Congo Basin Forest Peoples, Rights and Delivery of REDD Benefits
Forest Peoples Programme staff recently visited forest communities in Equateur province, Democratic Republic of Congo (DRC), who they have been supporting since 2009 with information-sharing and consultation meetings related to REDD and conflict prevention. During training and project monitoring visits FPP and our local partner CEDEN (Cercle pour la defense de l'environnement) held public meetings with around 2000 forest people from across the Lac Tumba conservation landscape. Along with the Mai Ndombe region further south into Bandundu Province, the Lac Tumba conservation landscape is targeted for REDD pilot funding, as part of DRC’s efforts to protect its forests in response to global agreements about climate control.
CEDEN’s staff are working hard on the ground in Equateur Province – a region the size of France - supporting around 50 forest communities to become better informed about REDD policies and development plans for their areas; to learn about their rights under national and international laws; and to identify and develop viable benefit-sharing mechanisms to help overcome the severe poverty that plagues rural areas everywhere in DRC.
These visits gave FPP an opportunity to document further community views on forest management in their areas, and the negative impacts of unfair logging and conservation practices. These include forest damage and loss of forest access which undermine livelihoods, increasing community poverty. During the public meetings we shared advice in response to numerous questions from indigenous and local forest people about REDD processes at national and international levels, community rights and the laws protecting them, and their tenure of forest lands. The community meetings were characterised by heated discussions and significant intra-communal debate over the future of their customary areas.
We were very impressed by the political sophistication of these Equateur forest communities, who, with a history of extractive colonial powers, powerful and unaccountable logging companies and conservation projects moving in on their lands, are seriously concerned about the erosion of their rights and forest tenure. Indigenous and local forest peoples in Equateur Province are further motivated by a huge desire to develop their communities with accessing and developing clean water sources, improved health care and cost effective education for their children. These are clearly their top priorities, which they share with forest peoples across the Congo Basin.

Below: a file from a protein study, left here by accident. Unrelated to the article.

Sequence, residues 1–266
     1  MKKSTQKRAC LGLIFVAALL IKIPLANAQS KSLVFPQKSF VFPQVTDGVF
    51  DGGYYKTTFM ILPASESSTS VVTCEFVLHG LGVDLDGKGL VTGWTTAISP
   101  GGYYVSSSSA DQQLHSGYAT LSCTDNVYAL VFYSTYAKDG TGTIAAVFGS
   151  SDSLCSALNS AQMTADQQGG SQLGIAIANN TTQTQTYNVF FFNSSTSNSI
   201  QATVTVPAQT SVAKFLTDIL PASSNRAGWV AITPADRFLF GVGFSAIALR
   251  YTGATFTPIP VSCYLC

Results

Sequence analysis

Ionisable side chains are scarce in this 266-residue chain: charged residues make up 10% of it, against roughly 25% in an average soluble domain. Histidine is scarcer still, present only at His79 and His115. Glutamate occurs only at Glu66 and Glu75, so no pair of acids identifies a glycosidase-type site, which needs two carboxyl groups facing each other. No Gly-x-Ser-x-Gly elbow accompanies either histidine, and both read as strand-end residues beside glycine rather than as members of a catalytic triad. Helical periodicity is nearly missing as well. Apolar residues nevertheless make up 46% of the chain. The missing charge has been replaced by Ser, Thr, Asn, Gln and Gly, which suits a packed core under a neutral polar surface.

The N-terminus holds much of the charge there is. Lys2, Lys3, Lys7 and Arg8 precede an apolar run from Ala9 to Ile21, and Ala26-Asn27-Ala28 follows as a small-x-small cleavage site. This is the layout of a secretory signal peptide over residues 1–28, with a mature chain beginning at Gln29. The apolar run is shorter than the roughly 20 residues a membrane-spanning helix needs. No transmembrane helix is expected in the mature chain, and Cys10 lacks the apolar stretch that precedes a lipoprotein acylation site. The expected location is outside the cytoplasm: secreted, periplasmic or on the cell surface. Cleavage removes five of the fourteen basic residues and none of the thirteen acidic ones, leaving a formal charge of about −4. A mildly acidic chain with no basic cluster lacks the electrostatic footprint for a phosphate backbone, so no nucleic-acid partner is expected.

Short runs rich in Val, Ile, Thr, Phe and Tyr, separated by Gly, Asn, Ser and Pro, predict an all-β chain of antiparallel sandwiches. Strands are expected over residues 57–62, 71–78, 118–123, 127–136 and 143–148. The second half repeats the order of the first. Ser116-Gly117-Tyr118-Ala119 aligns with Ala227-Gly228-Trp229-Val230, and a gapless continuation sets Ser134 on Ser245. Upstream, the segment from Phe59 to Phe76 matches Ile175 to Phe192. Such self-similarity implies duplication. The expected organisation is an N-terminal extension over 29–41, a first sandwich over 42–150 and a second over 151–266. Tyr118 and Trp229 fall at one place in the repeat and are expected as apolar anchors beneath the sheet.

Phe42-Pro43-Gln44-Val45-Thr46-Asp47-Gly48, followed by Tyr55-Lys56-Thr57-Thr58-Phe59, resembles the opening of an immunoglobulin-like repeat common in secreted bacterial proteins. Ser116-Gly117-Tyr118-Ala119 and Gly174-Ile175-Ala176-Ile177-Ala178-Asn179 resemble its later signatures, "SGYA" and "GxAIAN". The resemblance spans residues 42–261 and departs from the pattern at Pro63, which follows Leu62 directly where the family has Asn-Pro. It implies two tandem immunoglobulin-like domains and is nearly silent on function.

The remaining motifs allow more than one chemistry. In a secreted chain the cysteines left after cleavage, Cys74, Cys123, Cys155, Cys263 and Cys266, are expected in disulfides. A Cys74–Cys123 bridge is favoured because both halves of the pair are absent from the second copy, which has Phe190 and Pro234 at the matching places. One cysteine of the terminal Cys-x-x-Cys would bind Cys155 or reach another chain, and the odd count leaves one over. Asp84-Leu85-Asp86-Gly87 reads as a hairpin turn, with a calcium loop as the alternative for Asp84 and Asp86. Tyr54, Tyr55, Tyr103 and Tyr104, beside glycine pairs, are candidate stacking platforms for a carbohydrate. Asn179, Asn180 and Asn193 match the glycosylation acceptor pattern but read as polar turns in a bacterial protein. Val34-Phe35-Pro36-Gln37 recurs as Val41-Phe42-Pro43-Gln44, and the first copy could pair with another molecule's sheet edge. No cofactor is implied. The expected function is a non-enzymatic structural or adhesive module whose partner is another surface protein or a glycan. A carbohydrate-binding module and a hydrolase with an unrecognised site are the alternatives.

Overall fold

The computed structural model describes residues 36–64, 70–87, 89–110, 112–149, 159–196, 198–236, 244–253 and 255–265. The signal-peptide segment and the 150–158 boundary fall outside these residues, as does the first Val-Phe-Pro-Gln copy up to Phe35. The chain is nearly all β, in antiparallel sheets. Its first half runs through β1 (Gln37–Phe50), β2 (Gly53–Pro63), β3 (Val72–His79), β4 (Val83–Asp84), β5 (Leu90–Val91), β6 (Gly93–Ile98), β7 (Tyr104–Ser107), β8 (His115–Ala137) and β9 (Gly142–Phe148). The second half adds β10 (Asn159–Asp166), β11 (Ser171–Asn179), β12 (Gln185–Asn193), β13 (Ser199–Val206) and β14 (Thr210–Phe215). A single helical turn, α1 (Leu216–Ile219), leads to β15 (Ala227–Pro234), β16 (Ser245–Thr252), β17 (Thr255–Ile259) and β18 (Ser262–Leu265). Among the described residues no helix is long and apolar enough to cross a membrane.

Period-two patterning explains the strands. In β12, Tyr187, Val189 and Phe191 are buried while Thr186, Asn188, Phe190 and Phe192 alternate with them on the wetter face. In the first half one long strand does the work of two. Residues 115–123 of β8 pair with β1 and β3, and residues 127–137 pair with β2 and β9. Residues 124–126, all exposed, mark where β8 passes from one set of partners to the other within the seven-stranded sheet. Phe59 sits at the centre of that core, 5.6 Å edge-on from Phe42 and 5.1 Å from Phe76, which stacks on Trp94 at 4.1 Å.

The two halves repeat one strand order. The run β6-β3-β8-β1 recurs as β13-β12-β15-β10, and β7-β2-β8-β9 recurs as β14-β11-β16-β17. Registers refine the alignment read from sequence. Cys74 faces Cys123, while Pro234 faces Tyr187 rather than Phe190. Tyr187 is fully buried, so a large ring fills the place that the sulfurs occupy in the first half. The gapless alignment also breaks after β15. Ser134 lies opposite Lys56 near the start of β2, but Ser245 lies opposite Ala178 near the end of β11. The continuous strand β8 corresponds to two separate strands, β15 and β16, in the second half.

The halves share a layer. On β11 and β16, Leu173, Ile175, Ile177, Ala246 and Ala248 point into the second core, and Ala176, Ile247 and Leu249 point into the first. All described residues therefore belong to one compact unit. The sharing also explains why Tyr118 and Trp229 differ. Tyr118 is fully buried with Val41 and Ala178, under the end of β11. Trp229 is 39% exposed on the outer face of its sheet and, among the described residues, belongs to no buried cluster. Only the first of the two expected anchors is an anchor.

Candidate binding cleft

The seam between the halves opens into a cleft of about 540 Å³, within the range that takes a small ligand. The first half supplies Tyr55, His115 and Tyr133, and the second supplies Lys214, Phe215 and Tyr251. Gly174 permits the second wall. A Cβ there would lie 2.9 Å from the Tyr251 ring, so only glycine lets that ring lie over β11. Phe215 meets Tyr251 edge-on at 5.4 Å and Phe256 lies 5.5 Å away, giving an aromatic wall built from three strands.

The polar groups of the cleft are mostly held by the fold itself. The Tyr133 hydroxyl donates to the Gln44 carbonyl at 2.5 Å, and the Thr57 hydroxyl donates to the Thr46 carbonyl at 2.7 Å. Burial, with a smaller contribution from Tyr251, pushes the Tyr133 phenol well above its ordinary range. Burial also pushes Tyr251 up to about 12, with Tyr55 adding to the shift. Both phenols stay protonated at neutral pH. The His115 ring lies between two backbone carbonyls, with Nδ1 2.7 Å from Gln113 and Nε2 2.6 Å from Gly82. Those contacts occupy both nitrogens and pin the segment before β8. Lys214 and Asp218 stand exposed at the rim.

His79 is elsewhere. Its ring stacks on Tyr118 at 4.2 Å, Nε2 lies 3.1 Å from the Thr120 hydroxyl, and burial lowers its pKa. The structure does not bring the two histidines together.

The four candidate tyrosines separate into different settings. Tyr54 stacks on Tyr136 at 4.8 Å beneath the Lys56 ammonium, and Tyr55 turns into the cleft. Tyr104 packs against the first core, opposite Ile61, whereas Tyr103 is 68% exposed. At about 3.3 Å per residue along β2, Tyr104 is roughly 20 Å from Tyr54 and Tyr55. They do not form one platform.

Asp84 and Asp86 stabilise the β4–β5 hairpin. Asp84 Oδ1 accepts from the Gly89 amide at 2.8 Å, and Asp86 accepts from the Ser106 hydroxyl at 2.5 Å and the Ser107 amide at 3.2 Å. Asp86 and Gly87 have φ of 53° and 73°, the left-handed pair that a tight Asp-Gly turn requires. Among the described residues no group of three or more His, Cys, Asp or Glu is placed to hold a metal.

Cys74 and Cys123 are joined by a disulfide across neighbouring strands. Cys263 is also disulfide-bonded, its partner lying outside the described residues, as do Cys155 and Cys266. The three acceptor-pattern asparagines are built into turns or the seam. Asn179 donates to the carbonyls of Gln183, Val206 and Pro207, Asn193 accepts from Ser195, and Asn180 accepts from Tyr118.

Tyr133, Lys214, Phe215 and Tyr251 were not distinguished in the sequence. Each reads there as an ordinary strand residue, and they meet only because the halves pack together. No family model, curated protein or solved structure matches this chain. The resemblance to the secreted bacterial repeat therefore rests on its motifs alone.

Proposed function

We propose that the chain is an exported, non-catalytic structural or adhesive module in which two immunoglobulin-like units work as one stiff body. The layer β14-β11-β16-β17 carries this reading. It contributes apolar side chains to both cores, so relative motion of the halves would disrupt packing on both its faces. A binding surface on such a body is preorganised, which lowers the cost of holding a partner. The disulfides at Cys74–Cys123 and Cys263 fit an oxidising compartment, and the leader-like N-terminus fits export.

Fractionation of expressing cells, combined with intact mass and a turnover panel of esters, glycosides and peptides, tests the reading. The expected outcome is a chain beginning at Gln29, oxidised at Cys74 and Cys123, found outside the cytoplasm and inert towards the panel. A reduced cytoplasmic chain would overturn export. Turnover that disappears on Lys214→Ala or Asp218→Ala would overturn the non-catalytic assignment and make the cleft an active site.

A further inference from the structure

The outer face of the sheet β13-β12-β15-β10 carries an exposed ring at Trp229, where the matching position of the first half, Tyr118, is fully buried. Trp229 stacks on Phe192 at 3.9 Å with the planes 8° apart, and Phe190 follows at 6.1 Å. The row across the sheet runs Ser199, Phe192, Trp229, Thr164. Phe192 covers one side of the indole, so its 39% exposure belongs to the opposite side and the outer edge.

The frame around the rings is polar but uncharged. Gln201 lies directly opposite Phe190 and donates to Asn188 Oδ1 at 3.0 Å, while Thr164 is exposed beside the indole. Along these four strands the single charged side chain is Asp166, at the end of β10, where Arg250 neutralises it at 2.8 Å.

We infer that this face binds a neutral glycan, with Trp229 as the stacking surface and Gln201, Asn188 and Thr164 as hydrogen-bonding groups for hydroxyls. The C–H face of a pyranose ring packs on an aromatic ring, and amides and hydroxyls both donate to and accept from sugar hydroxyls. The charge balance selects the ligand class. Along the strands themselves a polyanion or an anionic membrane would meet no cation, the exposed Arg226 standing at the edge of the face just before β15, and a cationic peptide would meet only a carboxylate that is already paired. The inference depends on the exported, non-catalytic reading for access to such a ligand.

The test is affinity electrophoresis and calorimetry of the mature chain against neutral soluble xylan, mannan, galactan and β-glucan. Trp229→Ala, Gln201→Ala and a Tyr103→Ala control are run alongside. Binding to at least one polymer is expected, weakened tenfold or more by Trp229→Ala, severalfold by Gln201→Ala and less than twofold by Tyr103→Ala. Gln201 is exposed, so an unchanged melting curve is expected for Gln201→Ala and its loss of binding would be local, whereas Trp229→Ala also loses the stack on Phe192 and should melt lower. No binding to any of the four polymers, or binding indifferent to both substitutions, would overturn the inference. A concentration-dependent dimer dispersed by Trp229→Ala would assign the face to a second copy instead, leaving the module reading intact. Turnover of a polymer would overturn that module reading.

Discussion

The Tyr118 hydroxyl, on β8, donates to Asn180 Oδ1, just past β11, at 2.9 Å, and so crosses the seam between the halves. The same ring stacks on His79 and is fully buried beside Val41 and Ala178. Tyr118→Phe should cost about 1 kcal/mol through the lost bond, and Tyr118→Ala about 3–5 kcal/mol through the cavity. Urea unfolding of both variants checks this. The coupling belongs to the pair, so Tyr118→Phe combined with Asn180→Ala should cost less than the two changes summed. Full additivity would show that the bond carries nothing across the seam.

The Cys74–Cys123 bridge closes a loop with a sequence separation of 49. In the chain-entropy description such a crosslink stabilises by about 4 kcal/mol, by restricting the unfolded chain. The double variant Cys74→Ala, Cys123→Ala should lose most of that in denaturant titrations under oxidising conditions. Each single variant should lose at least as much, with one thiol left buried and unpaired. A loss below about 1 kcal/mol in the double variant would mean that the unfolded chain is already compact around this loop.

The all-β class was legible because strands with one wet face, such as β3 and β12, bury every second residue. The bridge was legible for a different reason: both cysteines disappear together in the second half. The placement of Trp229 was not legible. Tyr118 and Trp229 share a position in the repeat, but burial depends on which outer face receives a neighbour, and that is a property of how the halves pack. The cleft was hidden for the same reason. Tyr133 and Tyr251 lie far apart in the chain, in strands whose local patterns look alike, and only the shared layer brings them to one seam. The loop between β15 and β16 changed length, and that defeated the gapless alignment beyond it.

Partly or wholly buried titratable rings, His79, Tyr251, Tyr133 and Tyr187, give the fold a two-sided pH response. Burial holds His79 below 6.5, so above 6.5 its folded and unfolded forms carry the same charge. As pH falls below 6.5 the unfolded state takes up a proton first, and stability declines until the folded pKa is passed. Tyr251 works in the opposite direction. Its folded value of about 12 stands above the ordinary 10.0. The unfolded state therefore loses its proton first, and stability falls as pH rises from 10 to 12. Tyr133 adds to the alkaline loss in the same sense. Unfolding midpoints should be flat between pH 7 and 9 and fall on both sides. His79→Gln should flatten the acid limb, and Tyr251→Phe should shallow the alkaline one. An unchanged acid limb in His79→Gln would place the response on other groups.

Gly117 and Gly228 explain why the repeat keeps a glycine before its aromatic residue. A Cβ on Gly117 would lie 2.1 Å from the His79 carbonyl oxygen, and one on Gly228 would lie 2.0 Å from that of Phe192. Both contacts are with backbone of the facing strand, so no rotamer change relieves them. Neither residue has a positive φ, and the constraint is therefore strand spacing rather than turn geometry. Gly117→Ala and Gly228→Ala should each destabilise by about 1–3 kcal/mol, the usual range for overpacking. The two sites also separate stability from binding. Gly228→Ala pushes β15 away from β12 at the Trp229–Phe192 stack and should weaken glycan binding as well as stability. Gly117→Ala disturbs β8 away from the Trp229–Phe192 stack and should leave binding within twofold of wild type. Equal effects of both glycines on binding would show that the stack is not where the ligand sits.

However, like elsewhere, these Equateur forest peoples are cynical about delivery. Over many decades they have watched government and donor funds axed as they cascaded down administrative levels, until nothing was ever left to benefit them. They believe this is what will happen to REDD funds. Everywhere we went indigenous and local people made it clear to us that they wanted separate and accountable benefit-sharing channels to be established and proven before discussions commenced about re-zoning or re-classifying their customary forests to meet REDD funding requirements, as they have too much at stake.
This project’s results will be reviewed during a meeting organised by CEDEN in Mbandaka at the end of June, where the outcomes and community recommendations will be shared with the government and other REDD stakeholders.